He wanted to surrender, according to scouts who spoke to ABCNEWS. Soon, other Iraqi soldiers followed, also trying to surrender, the scouts said.   “It kept escalating,” says one of the American soldiers, Edward Walker. “I mean, it just — vehicles kept coming in and more vehicles, then more people.”   The scouts were part of the 2-7 Battalion of the 1st Brigade, and they had orders to check areas ahead of the main forces and to be on the lookout for enemy troops. Walker and three others of the six former scouts interviewed by ABCNEWS have since left the Army. Their missions were potentially dangerous. But on that day in February 1991, as Iraqi troops began to surrender, the scouts said they met no resistance as they began to confiscate the Iraqis’ weapons. They kept the Iraqi prisoners of war seated together along the roadside. About 200 to 300 Iraqis had arrived in a dozen vehicles.   At all times, the scouts said, they kept their commander informed. James Manchester, who now works for a technology company, tells ABCNEWS the scouts made it clear through radio communications that the Iraqi soldiers had surrendered and had given up their weapons. “We gave updates as to every situation as it occurred,” Manchester says. Mission Seemed Under Control:  Hours later, the scout platoon was ordered to move on to another mission, but several stayed behind to destroy the prisoners’ weapons. A situation that seemed under control, the scouts say, quickly deteriorated when about 14 Bradley fighting vehicles from the scouts’ battalion appeared on the scene.   “That’s when I saw some of the turrets on the Bradleys traverse,” says David Collatt, a scout from Arkansas.   And then, all of a sudden, their fellow soldiers started shooting, Collatt says.   According to the scouts, the Bradleys began firing in the area of the abandoned Iraqi vehicles and unarmed prisoners. Six scouts interviewed by ABCNEWS say they saw it happen. Walker, who now lives in Missouri and says he still has trouble dealing with his experiences in the Gulf War, and Collatt say they were about 200 yards away.   “I seen the rounds impacting into the bank,” Collatt says. “Dirt kicking up and people jumping up and running.”   Walker says the scouts tried to get the Bradleys to cease fire. “We’re screaming at them: ‘Tell them to stop, tell them to stop!’”   The Bradley rounds were falling dangerously close to the scouts’ Humvees as they sped away, they say.   The soldiers say they did not see whether any of the prisoners were wounded or killed. ‘Someone Must Have Died’ Given the firepower of a Bradley, several scouts are convinced it would have been impossible for everyone to emerge unscathed.   “It’d be a miracle if no one got killed, injured or maimed from what happened,” Collatt says.   Prompted by a complaint from one of the scouts who said he had witnessed a war crime, the Army launched an internal investigation. Col. John LeMoyne, commander of the 1st Brigade, oversaw the investigation. The 1st Brigade was part of the 24th Infantry Division, which was under the command of Gen. Barry McCaffrey, who is now the director of the White House Office of National Drug Control Policy, the so-called drug czar.   “Nobody was killed,” LeMoyne says. “None, zero. Soldiers, the Iraqi soldiers were never shot at, ever, at that point … none of us — hundred and hundreds of us — ever saw a body. None of us.”   But ABCNEWS reviewed the investigation and found it to be flawed and incomplete.   The Army failed to interview the aide whom LeMoyne told investigators he immediately sent to the area. It also failed to interview many of the scouts.   And, ABCNEWS has learned, the Army did not interview all of the Bradley crews. While the Army did conclude there was firing by the Bradleys, it failed to establish which Bradleys were firing.   The Bradley crew members who did submit statements denied any knowledge of the incident and denied shooting at anything.   Further, the Army failed to establish why there was firing, at all, in an area known to hold disarmed prisoners. No Clear Explanation: To this day, battalion commander Lt. Col. Charles Ware does not have a clear explanation.   “Our mission and our directives were to engage the Iraqi army as they made an effort to proceed to the west,” Ware says.   But these prisoners, the scouts say, were not proceeding anywhere.   More than nine years later, the scouts say they are still tormented by what they witnessed.   “You feel like you betrayed these people that you had taken into your care,” Manchester says.   “It makes me feel so guilty,” says Walker. “It’s just like I pulled the trigger myself.”   The scouts say they do not believe the Army deliberately set out to attack unarmed prisoners. But they also believe the Army was not interested in finding out the truth — whatever it may be. Direct Link To Article: In This Series:An Index To Iraq Coverage Stories:Transcript: Slaughter on the Battlefield? Profile: Iraq Soldiers say fellow soldiers are firing in the direction of the unarmed Iraqis. “They killed those guys?” “Why are we shooting at these people when they are not shooting at us?”, June 15, 2000Copyright ©2000 ABC News Internet Related Articles: The Last Battle of the Gulf War Gulf War (Ret.) on McCaffrey Sparks Furor War Crimes? Barry McCaffrey Archives:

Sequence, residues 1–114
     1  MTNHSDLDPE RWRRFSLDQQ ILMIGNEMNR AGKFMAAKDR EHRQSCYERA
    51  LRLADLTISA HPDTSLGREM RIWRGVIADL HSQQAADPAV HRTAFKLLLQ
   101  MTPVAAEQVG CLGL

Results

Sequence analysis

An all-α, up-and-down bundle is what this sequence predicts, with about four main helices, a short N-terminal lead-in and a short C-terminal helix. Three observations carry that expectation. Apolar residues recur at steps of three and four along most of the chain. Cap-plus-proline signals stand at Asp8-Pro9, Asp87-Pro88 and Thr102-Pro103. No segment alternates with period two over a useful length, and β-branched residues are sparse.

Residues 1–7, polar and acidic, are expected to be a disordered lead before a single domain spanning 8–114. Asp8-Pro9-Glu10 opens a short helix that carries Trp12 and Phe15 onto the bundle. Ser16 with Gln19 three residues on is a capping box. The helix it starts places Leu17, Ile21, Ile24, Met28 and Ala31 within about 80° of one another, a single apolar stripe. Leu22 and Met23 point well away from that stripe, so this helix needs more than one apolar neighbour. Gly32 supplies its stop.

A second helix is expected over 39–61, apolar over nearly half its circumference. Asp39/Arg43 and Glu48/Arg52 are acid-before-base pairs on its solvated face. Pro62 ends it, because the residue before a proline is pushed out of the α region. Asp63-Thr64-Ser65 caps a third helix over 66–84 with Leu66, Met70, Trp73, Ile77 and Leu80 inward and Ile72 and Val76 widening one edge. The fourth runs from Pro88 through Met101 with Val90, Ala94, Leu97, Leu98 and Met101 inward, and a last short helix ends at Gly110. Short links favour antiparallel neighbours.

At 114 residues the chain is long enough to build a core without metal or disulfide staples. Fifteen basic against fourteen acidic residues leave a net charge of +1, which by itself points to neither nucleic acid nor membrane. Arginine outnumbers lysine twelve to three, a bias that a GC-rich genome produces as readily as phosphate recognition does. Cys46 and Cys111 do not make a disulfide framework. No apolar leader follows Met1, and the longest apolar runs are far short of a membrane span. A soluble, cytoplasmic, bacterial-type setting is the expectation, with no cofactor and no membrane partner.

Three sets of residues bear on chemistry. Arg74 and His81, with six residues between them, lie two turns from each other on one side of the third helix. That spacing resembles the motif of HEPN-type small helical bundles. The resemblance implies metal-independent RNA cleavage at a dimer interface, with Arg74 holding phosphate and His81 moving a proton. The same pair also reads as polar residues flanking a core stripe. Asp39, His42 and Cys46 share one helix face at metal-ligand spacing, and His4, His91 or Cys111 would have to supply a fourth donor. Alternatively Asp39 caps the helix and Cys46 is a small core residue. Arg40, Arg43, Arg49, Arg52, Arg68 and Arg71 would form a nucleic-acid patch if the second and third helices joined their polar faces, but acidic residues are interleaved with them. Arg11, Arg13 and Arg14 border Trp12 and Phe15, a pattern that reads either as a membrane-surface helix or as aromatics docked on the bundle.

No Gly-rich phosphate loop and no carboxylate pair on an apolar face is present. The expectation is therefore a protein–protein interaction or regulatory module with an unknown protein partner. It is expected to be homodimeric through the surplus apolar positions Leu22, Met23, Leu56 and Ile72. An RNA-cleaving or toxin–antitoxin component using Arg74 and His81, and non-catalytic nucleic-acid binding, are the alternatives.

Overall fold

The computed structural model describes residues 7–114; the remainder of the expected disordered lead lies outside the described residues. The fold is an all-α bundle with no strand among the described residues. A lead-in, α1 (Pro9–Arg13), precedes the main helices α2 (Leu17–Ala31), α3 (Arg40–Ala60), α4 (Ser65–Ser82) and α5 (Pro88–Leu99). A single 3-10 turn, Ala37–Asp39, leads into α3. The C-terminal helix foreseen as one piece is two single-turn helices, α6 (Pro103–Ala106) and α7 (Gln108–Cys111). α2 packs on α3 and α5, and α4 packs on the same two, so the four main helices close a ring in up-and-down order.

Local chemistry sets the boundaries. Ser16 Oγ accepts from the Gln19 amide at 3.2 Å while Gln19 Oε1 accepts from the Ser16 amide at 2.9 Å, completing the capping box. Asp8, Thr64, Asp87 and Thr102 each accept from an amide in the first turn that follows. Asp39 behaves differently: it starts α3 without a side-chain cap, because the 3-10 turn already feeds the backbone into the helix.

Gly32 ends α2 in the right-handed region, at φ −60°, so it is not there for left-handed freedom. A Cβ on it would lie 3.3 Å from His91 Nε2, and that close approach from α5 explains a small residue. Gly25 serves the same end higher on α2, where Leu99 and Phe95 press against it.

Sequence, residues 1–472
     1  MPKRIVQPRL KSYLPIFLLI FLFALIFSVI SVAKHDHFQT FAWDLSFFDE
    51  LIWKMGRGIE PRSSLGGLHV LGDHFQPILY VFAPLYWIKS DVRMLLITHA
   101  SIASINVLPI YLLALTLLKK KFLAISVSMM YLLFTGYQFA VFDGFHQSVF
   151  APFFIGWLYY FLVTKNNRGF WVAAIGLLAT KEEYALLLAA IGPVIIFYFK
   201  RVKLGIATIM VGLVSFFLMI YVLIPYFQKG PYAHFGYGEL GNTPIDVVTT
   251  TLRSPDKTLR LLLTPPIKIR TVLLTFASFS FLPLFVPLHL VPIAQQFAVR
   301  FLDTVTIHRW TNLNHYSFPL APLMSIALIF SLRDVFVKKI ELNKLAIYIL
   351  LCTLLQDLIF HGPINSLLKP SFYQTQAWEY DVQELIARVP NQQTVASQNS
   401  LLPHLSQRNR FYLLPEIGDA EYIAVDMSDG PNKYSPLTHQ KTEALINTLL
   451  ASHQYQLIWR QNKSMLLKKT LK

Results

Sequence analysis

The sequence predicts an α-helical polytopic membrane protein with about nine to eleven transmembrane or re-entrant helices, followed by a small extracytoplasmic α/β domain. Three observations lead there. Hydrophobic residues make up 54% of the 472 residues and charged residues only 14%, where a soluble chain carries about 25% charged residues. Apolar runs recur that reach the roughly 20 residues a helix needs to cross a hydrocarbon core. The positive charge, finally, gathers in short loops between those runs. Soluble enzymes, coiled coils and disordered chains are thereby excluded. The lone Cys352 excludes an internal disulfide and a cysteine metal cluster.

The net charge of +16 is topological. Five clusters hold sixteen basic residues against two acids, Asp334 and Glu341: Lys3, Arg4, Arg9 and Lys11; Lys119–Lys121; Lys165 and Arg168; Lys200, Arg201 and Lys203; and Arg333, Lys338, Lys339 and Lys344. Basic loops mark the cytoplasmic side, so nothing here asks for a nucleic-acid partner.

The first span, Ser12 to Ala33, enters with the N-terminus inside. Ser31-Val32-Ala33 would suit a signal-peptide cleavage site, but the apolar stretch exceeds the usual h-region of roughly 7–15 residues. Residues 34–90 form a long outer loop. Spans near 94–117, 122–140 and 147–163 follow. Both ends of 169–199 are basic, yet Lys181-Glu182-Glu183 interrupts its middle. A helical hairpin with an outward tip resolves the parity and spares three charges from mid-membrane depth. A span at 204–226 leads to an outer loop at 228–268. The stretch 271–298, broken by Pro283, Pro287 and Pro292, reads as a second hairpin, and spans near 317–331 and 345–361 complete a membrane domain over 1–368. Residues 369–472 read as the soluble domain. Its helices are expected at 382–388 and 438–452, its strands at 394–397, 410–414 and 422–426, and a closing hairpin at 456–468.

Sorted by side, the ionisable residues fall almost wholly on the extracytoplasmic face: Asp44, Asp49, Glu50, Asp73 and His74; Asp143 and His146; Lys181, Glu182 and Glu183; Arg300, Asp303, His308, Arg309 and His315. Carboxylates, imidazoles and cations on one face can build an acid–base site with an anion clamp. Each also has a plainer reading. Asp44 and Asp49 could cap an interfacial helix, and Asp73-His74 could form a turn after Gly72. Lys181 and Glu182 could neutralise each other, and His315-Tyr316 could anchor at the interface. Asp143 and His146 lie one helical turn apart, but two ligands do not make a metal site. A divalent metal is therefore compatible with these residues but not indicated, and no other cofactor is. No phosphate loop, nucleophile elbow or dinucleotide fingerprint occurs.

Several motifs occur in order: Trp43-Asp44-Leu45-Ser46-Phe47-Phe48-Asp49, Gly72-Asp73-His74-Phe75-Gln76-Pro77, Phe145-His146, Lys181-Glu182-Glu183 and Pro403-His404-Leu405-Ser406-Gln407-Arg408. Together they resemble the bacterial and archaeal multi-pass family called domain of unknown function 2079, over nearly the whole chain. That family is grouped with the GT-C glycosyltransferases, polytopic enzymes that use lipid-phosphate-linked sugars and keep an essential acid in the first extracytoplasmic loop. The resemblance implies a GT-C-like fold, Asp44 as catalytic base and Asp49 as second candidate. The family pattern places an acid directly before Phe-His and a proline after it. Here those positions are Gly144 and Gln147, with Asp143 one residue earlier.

Home Comment Email Register Recent Comments Help